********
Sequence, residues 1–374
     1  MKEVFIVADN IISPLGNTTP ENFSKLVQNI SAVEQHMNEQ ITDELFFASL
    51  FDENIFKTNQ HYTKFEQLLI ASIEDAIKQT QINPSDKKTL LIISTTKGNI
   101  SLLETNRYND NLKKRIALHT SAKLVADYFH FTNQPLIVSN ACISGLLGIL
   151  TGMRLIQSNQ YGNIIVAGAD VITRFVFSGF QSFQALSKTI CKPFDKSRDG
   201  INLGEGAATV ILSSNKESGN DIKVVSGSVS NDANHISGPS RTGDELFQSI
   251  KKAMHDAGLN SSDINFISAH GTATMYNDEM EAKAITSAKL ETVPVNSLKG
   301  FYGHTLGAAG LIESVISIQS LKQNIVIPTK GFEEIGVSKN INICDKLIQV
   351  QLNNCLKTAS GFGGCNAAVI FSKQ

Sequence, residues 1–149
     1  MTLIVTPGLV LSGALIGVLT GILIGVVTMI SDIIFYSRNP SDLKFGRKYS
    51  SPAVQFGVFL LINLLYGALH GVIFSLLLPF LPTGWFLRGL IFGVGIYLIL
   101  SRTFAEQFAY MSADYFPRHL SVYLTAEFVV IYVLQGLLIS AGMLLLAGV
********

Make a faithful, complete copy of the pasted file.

Sequence, residues 1–374
     1  MKEVFIVADN IISPLGNTTP ENFSKLVQNI SAVEQHMNEQ ITDELFFASL
    51  FDENIFKTNQ HYTKFEQLLI ASIEDAIKQT QINPSDKKTL LIISTTKGNI
   101  SLLETNRYND NLKKRIALHT SAKLVADYFH FTNQPLIVSN ACISGLLGIL
   151  TGMRLIQSNQ YGNIIVAGAD VITRFVFSGF QSFQALSKTI CKPFDKSRDG
   201  INLGEGAATV ILSSNKESGN DIKVVSGSVS NDANHISGPS RTGDELFQSI
   251  KKAMHDAGLN SSDINFISAH GTATMYNDEM EAKAITSAKL ETVPVNSLKG
   301  FYGHTLGAAG LIESVISIQS LKQNIVIPTK GFEEIGVSKN INICDKLIQV
   351  QLNNCLKTAS GFGGCNAAVI FSKQ

Sequence, residues 1–149
     1  MTLIVTPGLV LSGALIGVLT GILIGVVTMI SDIIFYSRNP SDLKFGRKYS
    51  SPAVQFGVFL LINLLYGALH GVIFSLLLPF LPTGWFLRGL IFGVGIYLIL
   101  SRTFAEQFAY MSADYFPRHL SVYLTAEFVV IYVLQGLLIS AGMLLLAGV